If Apex Court is of opinion that acquittal is not based on a reasonable view, then it may review entire material and there will be no limitation on Apex Court’s jurisdiction under Article 136 .

In State of Rajasthan Versus Islam and others [AIR 2011 SC 2317 : JT 2011 (6) SC 452 : (2011) 6 SCALE 389 : (2011) 6 SCC 343 : (2011) 2 SCC (Cri) 951]

When Supreme  Court exercises its jurisdiction under Article 136, it definitely exercises a discretionary jurisdiction but such discretionary jurisdiction has to be exercised in order to ensure that there is no miscarriage of justice. If the consideration by the High Court is misconceived and perverse as indicated above, there is nothing in law which prevents this Court from exercising its jurisdiction under Article 136 against an order of acquittal when such acquittal cannot be sustained at all, in view of the evidence of record.

15. The golden thread which runs through the administration of justice in criminal cases is that if two views are possible, one pointing to the guilt of the accused and the other to the innocence, the view which is favourable to the accused should be adopted. The paramount consideration of the court is to ensure that miscarriage of justice is prevented. A miscarriage of justice which may arise from acquittal of the guilty is no less than from a conviction of an innocent.

16. The principle to be followed by appellate court considering an appeal against an order of acquittal is to interfere only when there are compelling and substantial reasons to do so.

17. Thus, in such cases, this Court would usually not interfere unless

a. The finding is vitiated by some glaring infirmity in the appraisal of evidence. (State of U.P. v. Sahai, AIR 1981 SC 1442 at paras 19-21)

b. The finding is perverse. (State of M.P. v. Bachhudas, (2007) 9 SCC 135 at para 10 and State of Punjab v. Parveen Kumar, (2005) 9 SCC 769 at para 9)

c. The order suffers from substantial errors of law and fact (Rajesh Kumar v. Dharamvir, (1997) 4 SCC 496 at para 5)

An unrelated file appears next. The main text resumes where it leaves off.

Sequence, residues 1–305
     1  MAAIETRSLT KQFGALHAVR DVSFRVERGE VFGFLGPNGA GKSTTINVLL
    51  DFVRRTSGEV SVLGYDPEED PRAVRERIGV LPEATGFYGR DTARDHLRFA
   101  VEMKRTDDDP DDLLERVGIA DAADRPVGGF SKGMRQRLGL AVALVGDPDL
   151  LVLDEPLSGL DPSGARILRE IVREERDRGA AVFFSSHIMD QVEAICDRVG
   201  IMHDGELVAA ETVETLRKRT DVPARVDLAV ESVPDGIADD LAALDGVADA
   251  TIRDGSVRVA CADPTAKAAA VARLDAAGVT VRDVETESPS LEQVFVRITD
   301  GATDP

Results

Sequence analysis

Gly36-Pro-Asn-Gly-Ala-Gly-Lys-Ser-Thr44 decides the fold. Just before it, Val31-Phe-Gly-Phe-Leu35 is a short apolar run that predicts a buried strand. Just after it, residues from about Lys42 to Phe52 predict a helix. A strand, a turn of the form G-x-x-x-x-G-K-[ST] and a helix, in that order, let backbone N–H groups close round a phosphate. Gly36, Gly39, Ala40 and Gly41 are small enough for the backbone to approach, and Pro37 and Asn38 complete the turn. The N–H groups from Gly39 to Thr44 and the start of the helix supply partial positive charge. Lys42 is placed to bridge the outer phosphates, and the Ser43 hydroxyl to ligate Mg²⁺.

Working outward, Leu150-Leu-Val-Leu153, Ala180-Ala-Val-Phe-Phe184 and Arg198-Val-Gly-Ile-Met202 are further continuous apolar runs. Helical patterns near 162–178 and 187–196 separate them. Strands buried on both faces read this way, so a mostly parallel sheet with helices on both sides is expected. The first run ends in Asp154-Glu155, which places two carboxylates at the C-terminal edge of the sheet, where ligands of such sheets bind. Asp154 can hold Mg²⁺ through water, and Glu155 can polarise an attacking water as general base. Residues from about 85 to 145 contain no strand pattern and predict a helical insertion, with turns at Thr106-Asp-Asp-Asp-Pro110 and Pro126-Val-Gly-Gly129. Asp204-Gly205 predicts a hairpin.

d. The order is based on misconception of law or erroneous appreciation of evidence (State of U.P. v. Abdul, (1997) 10 SCC 135; State of U.P. v. Premi, (2003) 9 SCC 12 at para 15)

e. High Court has adopted an erroneous approach resulting in miscarriage of justice (State of T.N. v. Suresh, (1998) 2 SCC 372 at paras 31 and 32; State of M.P. v. Paltan Mallah, (2005) 3 SCC 169 at para 8)

f. Acquittal is based on irrelevant grounds (Arunachalam v. Sadhanatham, (1979) 2 SCC 297 at para 4

g. High Court has completely misdirected itself in reversing the order of conviction by the Trial Court (Gaurishanker Sharma v. State of U.P., AIR 1990 SC 709)

h. The judgment is tainted with serious legal infirmities (State of Maharashtra v. Pimple, AIR 1984 SC 63 at para 75)

18. In reversing an acquittal, this Court keeps in mind that presumption of innocence in favour of the accused is fortified by an order of acquittal and if the view of the High Court is reasonable and founded on materials on record, this Court should not interfere.

19. However, if this Court is of the opinion that the acquittal is not based on a reasonable view, then it may review the entire material and there will be no limitation on this Court’s jurisdiction under Article 136 to come to a just decision quashing the acquittal (See, (1985) 4 SCC 476 at para 45; (1996) 7 SCC 471 at para 4)